Lecture: "Trust but Verify: the Science of Climate Treaty Verification"
Prof. Inez Fung
University of California, Berkeley
April 6, 2017 (Thursday)
Kane Hall 220
The lecture is free and open to the public.
Registration (http://events.uw.edu/GSDVL2017-RSVP) has closed, but there are some extra seats so come by!
About the Lecture
The world’s nations are gathering to pledge targets for future greenhouse gas emissions. How well can we determine whether a nation is meeting its emission targets?
Gases are mixed rapidly, albeit incompletely, in the atmosphere. This rapid mixing confounds the problem of climate treaty verification. I will review the global carbon cycle, the activities that release CO2, and how the land and oceans have absorbed about half the CO2 we have emitted into the atmosphere.
I will also review the Measurement, Reporting and Verification (MRV) of climate treaty verification. A new satellite, the Orbital Carbon Observatory 2, successfully launched on July 2 2014, delivers unprecedented observations of CO2 variations in the atmosphere. I will present a “top-down” approach for estimating carbon dioxide emissions from the atmospheric CO2 variations. Satellite and in-situ CO2 observations together with raw weather observations are assimilated into a global carbon-climate model, so that surface sources and sinks of CO2 can be inferred as required for mass conservation.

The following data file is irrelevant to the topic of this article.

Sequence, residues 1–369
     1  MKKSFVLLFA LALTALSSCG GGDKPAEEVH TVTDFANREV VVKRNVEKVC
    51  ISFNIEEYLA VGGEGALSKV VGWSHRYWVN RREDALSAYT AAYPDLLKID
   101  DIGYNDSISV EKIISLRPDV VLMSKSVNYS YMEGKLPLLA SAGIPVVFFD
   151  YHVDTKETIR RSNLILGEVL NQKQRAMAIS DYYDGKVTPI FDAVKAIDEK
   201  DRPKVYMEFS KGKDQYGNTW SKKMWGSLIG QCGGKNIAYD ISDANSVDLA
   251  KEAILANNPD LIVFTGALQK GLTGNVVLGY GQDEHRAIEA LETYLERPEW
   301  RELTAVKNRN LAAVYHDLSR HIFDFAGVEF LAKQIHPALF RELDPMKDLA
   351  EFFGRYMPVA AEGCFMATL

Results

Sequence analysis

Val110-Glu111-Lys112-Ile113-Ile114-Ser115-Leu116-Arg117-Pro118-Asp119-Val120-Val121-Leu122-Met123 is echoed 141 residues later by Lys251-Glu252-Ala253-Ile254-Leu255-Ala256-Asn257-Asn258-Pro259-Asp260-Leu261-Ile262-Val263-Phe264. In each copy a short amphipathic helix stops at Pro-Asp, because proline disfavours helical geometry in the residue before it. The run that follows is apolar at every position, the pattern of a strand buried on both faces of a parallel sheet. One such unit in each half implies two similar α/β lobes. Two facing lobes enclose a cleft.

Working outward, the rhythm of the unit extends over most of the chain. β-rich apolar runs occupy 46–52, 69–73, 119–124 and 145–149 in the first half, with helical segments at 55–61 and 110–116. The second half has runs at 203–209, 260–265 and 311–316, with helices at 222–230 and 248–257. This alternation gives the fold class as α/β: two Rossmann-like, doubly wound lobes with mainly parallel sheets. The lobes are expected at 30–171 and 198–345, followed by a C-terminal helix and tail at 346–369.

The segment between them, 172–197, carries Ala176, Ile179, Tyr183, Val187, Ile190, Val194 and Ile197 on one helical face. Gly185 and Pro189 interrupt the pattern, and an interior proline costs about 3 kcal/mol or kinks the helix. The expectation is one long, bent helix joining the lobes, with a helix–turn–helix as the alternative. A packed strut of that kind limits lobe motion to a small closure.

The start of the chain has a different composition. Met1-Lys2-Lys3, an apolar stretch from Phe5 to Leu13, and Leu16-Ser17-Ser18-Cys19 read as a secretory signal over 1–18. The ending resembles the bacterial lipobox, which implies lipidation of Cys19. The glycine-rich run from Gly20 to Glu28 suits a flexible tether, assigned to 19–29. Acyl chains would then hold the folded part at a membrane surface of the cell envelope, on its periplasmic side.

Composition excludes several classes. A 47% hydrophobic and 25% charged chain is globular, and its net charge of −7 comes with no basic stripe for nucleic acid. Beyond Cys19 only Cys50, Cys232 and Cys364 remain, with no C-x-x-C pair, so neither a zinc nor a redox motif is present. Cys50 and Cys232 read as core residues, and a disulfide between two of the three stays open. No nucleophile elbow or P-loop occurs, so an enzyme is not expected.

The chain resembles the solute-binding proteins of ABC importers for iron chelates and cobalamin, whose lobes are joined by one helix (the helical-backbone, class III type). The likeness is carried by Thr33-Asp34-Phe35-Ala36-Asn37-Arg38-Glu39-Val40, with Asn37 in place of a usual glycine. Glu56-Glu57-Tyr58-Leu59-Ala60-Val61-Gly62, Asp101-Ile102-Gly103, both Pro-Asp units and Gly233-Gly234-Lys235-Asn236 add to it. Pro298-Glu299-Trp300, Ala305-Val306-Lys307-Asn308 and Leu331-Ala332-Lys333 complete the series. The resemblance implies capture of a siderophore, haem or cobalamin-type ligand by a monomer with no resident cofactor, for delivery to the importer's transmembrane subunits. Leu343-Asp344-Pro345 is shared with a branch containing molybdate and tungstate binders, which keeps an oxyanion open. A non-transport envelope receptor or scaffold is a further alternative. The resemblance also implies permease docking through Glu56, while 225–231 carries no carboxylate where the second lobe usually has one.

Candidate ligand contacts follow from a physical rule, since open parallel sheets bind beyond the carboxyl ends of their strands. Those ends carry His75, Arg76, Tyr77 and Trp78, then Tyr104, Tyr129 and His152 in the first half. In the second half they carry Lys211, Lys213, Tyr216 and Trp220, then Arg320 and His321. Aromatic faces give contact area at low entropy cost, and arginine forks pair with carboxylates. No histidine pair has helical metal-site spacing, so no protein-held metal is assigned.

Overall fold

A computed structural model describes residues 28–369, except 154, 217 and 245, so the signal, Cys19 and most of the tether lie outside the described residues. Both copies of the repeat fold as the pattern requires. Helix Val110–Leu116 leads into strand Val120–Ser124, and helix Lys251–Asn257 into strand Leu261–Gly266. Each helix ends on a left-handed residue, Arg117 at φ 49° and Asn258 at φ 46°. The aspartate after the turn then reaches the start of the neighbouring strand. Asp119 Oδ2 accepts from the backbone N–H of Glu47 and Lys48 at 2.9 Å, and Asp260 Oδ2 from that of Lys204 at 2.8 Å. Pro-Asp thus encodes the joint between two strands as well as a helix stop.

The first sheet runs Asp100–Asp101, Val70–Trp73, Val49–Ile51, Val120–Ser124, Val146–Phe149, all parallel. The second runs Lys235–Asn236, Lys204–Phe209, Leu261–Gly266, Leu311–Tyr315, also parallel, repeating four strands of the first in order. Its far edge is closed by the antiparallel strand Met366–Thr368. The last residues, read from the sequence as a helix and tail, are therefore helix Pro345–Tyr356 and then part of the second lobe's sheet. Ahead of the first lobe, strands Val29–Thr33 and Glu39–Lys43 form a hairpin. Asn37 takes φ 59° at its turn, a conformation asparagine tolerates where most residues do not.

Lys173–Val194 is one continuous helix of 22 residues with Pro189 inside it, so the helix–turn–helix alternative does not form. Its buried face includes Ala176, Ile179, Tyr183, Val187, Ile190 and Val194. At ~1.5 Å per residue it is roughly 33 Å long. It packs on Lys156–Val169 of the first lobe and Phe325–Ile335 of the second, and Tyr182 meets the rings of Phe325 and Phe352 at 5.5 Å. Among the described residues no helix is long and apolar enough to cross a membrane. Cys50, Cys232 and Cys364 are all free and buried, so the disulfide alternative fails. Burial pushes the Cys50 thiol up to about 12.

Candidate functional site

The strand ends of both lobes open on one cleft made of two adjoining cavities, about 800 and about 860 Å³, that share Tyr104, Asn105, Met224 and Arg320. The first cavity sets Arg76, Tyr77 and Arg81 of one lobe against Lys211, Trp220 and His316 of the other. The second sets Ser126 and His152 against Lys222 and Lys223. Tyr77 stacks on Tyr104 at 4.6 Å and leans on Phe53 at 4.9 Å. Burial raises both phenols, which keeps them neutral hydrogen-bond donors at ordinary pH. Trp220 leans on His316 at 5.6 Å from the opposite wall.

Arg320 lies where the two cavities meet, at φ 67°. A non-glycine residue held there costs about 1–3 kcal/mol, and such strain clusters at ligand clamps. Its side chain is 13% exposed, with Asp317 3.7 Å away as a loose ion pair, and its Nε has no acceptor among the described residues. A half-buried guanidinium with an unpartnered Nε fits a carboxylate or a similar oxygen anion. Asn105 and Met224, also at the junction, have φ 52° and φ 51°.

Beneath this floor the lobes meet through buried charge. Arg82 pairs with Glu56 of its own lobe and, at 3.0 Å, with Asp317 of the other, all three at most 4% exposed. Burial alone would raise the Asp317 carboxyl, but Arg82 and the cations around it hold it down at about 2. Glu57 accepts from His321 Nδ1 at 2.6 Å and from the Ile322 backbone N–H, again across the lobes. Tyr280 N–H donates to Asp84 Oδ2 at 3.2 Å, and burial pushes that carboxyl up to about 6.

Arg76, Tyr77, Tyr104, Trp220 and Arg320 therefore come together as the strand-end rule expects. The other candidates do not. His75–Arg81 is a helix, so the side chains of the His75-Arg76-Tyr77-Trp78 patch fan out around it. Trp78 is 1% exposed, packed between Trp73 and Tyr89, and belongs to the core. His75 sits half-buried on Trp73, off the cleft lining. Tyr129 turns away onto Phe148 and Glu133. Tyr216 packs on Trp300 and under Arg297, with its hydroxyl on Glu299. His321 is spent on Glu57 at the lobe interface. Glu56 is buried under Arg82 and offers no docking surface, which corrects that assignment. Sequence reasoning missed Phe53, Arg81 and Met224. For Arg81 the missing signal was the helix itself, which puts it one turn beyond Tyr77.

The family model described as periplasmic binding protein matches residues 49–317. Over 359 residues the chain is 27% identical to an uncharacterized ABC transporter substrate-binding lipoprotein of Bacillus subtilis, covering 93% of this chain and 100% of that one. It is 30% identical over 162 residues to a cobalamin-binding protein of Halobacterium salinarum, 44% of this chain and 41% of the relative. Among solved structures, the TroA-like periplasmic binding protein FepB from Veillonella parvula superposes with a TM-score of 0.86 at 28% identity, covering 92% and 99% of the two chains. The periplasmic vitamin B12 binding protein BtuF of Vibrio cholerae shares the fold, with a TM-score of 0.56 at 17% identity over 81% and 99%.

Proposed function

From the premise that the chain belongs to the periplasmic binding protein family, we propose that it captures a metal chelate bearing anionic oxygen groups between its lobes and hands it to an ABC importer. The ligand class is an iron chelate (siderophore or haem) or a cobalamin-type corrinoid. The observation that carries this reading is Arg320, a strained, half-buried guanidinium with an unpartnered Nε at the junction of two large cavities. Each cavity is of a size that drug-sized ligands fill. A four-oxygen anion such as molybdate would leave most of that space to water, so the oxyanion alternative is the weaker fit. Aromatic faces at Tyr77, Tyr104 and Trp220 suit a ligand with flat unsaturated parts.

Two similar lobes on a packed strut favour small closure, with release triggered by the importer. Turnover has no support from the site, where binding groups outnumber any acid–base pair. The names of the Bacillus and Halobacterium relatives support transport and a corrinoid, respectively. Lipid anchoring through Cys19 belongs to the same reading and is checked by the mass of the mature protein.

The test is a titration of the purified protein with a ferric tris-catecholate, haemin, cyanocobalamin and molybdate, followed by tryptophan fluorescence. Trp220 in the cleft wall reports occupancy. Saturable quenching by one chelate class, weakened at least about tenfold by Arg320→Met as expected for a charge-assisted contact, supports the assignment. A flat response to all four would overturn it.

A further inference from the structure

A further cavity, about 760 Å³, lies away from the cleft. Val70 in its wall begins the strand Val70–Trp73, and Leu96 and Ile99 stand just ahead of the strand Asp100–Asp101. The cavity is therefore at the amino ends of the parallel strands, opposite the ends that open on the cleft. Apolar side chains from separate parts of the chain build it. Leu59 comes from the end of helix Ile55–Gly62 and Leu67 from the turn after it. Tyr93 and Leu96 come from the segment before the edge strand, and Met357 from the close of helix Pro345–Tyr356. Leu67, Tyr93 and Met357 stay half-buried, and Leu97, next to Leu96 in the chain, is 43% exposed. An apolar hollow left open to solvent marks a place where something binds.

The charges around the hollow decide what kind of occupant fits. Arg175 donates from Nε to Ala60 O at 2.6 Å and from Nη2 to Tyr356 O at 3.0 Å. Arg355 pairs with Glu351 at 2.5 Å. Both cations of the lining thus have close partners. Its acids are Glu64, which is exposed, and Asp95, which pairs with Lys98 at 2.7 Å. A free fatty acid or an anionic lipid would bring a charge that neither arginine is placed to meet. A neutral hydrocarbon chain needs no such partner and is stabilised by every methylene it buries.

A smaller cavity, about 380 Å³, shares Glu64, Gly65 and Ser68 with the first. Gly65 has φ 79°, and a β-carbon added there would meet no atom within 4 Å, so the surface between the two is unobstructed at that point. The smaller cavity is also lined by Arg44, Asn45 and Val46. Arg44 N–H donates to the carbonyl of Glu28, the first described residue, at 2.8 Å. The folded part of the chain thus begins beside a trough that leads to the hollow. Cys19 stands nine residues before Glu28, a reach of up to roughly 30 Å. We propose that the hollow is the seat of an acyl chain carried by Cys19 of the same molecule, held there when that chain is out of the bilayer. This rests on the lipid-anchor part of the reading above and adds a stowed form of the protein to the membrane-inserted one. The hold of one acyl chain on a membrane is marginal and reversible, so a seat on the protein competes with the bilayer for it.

About the Speaker
Inez Fung is a Professor of Atmospheric Science at the University of California, Berkeley. She researches the interactions between climate change and biogeochemical cycles, including the hydrological cycle, modeling and observing the carbon cycle, and how dust affects marine productivity. Dr. Fung was the second woman to earn a Ph.D. in meteorology at the Massachusetts Institute of Technology, and in 2007, she shared in the Nobel Peace Prize awarded to the Intergovernmental Panel on Climate Change (IPCC). In addition, she has received the Roger Revelle Medal from the American Geophysical Union (AGU), was elected a member of the Academia Sinica in Taiwan, is a member of the National Academy of Sciences, and is a fellow of both the AGU and the American Meteorological Society (AMS).
Sponsored by the Department of Atmospheric Sciences.